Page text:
You are whom God has seen, whom God has regarded.

Awareness is a challenging thing. First, it must be said, awareness can be painful. I don’t always feel good, and sometimes all I want to do is keep the pain at bay – emotional, physical, spiritual pain, it’s all the same – I just don’t want to be aware of it. Any counselor, any physician, and any spiritual guide will tell you, however, that the deepest hurts demand awareness and attention before healing can begin.

Awareness of good things has its risks. It can be overwhelming. Human beings have developed a reflex that reduces the impact of the familiar. Without it, we might find ourselves simply wandering about the world lost in wonder. The touch of air moving across our skin. The embrace of a friend or loved one. The scent of plumeria. The sweetness of lychee. The soothing taste of tea, and the energizing bitterness of coffee. The dawn chorus of birdsong. The creaking of tree limbs on a breeze. The sight of water sinking into sand at the height of its climb up the beach. The sight, scent, and feel of salt spray leaping from a wave-pounded rock. A rainbow in the sky or in a waterfall. The craggy peak of Mauna Kea rising over Hilo Bay. Hilo Bay stretching toward the ocean viewed from Waianuenue Avenue.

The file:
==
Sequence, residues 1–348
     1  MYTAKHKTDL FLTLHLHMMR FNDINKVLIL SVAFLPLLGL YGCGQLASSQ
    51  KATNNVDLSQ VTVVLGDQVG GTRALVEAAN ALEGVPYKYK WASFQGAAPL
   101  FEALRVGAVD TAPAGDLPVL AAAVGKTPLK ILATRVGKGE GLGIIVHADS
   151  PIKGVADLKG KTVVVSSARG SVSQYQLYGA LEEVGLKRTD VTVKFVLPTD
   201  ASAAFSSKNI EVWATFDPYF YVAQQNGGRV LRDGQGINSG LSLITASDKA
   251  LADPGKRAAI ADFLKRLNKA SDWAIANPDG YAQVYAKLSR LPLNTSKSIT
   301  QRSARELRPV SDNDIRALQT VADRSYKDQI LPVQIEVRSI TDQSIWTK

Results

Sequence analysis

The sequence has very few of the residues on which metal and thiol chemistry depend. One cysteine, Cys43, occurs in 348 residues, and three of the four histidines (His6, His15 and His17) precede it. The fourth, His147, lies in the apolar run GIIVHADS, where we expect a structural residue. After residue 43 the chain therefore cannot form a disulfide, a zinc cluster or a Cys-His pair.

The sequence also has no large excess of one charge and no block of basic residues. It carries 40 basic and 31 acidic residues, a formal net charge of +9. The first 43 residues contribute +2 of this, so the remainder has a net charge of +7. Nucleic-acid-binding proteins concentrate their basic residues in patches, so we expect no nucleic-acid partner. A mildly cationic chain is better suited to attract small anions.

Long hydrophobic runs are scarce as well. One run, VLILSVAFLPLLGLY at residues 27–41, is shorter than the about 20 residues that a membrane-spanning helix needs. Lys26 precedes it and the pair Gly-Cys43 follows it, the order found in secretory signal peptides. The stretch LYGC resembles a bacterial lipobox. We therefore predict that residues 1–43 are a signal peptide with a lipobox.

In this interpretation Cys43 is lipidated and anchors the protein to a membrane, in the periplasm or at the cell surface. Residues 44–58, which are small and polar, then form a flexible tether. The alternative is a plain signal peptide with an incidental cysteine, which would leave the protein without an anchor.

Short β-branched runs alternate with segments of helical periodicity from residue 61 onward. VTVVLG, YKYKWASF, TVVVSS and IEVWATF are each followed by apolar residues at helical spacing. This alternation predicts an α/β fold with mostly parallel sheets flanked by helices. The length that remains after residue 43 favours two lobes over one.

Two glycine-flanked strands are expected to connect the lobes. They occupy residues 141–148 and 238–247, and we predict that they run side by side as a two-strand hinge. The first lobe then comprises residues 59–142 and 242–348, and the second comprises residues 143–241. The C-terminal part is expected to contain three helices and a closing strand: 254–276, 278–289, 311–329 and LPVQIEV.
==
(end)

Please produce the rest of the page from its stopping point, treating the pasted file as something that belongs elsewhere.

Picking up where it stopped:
I include that last because I had determined when I moved here that I would never descend that slope, see that sight, and ignore it. I haven’t quite kept that vow. Other things claim my attention from wonder.

They have to. Who could function otherwise?

The root of thanks, however, is awareness. Awareness of what is new and different and miraculous. Awareness of what is old and familiar and… miraculous.

David Lose writes at Working Preacher, “All the lepers were healed; one, however, saw, noticed, let what happened sink in…and it made all the difference.

  • Because he sees what has happened, the leper recognizes Jesus, his reign and his power.
  • Because he sees what has happened, the leper has something for which to be thankful, praising God with a loud voice.